These Biodegradable Microsensors Know Everything About Your Food

A team of researchers developed a biodegradable microsensor to track temperature changes on fresh produce.
Shelby Rogers

Imagine going to a local food market and knowing exactly how long a particular piece of produce was sitting on a shelf. Shoppers could know exactly how fresh the fish was or at precisely what temperature the milk was refrigerated. A new type of biodegradable microsensor could tell us that and so much more about our food.  

A team of researchers developed the microsensor specifically for temperature measurements. Typically, microchips contain precious metals that can be harmful if ingested by humans. Thus, there's been a growing interest in microsensors made from non-toxic materials. 


Giovanni Salvatore is a post-doc candidate with the Electronics Laboratory at ETH Zurich. He and his team reported their findings in a recent issue of the scientific journal Advanced Functional Materials. Salvatore firmly believes his biodegradable microsensors have a lot of potential in the increasingly high-tech food services industry. 

"In preparation for transport to Europe, fish from Japan could be fitted with tiny temperature sensors, allowing them to be continuously monitored to ensure they are kept at a cool enough temperature," he said. The sensors are small, strong, and incredibly flexible with the ability to adhere to anything from textured produce to slippery fish. And, as of the most recent report, the sensors keep functioning for one day while completely submerged in water -- making it more adaptable to certain types of food. 

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These Biodegradable Microsensors Know Everything About Your Food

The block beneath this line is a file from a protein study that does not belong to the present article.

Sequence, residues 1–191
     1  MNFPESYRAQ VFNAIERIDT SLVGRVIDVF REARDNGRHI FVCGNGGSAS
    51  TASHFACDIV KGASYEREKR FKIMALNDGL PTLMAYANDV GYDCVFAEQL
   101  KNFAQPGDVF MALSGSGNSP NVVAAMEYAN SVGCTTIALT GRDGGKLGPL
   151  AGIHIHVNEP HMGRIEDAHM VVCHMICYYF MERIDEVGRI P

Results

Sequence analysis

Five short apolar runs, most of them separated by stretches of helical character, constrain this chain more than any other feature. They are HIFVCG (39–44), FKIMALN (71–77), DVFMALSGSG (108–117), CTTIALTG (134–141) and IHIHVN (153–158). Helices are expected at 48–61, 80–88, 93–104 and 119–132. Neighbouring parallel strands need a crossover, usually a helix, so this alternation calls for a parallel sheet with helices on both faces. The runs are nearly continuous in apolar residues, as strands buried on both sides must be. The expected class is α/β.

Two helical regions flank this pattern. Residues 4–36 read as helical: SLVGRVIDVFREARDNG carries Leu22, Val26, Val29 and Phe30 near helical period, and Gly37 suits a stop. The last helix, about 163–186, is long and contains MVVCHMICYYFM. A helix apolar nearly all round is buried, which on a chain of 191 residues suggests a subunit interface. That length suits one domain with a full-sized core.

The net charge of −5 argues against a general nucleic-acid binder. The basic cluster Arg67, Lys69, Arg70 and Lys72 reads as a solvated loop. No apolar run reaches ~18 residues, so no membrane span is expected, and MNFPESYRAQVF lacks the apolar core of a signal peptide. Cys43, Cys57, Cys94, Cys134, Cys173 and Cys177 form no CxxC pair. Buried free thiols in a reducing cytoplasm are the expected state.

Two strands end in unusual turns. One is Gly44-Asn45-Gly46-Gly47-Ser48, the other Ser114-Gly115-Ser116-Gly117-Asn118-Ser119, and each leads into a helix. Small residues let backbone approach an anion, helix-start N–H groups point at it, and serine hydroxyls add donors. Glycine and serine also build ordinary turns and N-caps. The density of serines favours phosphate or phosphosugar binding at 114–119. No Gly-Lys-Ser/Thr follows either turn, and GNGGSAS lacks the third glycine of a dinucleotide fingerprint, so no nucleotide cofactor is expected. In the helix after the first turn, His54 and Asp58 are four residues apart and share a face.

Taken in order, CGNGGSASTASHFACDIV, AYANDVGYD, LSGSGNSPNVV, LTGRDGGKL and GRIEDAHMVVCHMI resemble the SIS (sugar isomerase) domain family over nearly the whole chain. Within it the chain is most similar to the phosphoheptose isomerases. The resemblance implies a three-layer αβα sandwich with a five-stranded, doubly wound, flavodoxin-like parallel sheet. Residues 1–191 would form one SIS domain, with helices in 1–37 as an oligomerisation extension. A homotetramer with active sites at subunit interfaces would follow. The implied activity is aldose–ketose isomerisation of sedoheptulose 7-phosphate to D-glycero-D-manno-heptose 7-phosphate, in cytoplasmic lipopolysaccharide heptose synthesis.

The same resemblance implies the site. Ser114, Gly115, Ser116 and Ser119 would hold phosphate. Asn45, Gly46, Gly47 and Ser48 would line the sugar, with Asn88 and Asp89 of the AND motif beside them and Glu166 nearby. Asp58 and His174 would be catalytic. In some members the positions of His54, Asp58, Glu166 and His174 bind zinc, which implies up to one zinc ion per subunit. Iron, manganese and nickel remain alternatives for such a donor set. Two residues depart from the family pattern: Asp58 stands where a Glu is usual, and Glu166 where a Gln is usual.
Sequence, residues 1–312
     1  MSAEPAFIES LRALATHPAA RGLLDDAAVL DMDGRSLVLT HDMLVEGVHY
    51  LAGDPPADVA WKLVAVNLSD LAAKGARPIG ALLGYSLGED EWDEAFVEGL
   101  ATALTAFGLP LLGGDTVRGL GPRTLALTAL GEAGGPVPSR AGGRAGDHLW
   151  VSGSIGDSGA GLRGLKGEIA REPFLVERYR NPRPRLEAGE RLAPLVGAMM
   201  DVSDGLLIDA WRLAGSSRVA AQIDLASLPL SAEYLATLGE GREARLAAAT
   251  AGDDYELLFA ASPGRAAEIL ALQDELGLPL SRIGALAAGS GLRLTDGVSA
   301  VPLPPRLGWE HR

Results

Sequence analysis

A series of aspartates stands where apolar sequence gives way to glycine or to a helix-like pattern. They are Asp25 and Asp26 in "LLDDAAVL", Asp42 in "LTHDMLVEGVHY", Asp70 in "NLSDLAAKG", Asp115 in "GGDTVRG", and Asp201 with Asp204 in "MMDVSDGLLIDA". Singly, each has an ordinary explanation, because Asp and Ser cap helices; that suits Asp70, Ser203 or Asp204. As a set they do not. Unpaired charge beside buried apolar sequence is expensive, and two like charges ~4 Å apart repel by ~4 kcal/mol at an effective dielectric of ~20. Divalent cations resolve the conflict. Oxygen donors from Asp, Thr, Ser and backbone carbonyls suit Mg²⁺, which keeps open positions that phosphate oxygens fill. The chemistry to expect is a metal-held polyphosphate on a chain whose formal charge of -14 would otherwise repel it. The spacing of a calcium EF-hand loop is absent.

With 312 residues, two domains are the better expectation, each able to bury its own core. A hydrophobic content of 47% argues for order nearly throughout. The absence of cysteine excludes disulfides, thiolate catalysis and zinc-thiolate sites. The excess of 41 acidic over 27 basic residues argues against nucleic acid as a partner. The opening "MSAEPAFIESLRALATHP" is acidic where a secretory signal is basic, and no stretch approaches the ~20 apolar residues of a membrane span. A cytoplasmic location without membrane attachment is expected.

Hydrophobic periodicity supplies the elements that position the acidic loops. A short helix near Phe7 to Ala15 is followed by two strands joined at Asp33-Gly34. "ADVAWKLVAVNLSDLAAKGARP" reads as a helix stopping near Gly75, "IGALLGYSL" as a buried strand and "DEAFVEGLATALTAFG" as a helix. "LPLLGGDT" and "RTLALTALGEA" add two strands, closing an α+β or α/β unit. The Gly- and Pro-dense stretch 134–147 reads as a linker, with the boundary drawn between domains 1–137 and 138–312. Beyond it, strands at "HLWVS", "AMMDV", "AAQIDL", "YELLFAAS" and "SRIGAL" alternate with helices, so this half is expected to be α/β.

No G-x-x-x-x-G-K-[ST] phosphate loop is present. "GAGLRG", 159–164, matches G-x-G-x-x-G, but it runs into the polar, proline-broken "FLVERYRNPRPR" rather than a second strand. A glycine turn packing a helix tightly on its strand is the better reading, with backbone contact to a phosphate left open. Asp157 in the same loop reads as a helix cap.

Source: Salvatore et al, Adv. Func. Materials, 2017

The tiny sensor is just 16 micrometers thick. That's considerably thinner than the width of the human hair which averages 100 micrometers in thickness. A single sensor only weighs a fraction of a milligram. The degrading process takes roughly 67 days when dissolved in a one-percent saline solution.

"But it's relatively easy to extend the operating life by adjusting the thickness of the polymer," Salvatore said. While a thicker sensor would last longer, it would affect the overall flexibility of the microsensor. The sensor is so thin that it still works even while completely folded in half or wadded up. It also works even if stretched to 10 percent its original size. To see the microsensor in action, check out the video below: 

The Challenges 

The biggest problem for Salvatore moving forward comes in the high production costs. It's also incredibly time-consuming, he noted. However, he's not giving up hope and he's confident that he'll soon develop a method to make electronic circuit printing even easier. 

"Once the price of biosensors falls enough, they could be used virtually anywhere," Salvatore said, going as far as to predict that the sensors will be part of everyday life in five to 10 years. He also wants to expand the different measuring quantities. He said one day soon, the microchips will measure pressure, gas build-up and even UV exposure. 

Non-biodegradable versions of the chip exist that include a microprocessor and Bluetooth transmitter. This lets researchers track produce temperature with their phones up to a 20-meter range. However, another challenge for the team remains, putting that technology in the biodegradable version of the microsensor. Grocery store goers could one day be scanning the produce directly rather than checking sell-by and expiration dates. 

The next major step for the team is how to create a biocompatible energy source to power the sensor in a 'clean' manner. 

Via: EurekAlert, ETHZ

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